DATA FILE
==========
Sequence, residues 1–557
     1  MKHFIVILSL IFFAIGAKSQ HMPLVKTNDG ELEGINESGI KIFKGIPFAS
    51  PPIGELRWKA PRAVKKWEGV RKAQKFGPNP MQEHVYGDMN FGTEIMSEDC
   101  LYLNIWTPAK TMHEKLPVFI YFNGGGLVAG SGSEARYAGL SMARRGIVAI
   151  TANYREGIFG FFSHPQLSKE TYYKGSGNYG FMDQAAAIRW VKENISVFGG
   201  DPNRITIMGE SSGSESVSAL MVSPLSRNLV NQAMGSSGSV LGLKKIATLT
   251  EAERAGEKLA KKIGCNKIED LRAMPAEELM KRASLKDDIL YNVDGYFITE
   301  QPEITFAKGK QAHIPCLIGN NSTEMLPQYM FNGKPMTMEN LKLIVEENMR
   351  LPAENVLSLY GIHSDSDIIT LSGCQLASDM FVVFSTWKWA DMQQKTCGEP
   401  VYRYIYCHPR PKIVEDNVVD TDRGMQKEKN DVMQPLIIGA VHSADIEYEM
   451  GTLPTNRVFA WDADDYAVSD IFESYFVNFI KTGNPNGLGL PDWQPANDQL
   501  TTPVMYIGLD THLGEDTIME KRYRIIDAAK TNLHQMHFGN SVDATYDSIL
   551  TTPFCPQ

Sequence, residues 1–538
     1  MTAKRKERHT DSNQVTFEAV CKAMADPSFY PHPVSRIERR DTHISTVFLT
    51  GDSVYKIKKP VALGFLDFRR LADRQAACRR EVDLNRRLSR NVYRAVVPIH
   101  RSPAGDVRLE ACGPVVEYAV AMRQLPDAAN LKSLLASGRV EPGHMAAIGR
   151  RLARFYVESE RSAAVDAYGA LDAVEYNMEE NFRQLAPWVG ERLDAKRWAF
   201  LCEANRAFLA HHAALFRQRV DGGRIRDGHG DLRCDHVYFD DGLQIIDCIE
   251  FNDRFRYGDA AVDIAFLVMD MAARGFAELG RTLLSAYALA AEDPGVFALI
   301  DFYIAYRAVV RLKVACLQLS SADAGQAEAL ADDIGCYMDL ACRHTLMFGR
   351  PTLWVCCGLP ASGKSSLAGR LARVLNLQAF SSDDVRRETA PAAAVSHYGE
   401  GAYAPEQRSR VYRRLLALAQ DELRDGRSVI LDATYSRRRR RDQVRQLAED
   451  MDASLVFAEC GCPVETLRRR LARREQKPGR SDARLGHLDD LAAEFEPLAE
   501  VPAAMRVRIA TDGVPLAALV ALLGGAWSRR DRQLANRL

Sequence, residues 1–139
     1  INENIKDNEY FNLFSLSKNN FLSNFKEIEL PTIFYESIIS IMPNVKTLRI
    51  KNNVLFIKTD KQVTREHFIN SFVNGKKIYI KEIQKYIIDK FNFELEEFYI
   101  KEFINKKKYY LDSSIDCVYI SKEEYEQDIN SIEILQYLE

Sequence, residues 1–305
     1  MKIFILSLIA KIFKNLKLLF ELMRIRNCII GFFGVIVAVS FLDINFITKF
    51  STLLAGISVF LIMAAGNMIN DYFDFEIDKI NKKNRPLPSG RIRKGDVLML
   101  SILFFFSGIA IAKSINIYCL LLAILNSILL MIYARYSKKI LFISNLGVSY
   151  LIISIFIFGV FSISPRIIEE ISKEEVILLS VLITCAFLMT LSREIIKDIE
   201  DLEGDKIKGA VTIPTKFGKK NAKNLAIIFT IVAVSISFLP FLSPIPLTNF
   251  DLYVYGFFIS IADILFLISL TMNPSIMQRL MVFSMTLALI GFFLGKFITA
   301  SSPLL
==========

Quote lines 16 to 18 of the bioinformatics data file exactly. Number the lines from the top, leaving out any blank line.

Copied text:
    51  GDSVYKIKKP VALGFLDFRR LADRQAACRR EVDLNRRLSR NVYRAVVPIH
   101  RSPAGDVRLE ACGPVVEYAV AMRQLPDAAN LKSLLASGRV EPGHMAAIGR
   151  RLARFYVESE RSAAVDAYGA LDAVEYNMEE NFRQLAPWVG ERLDAKRWAF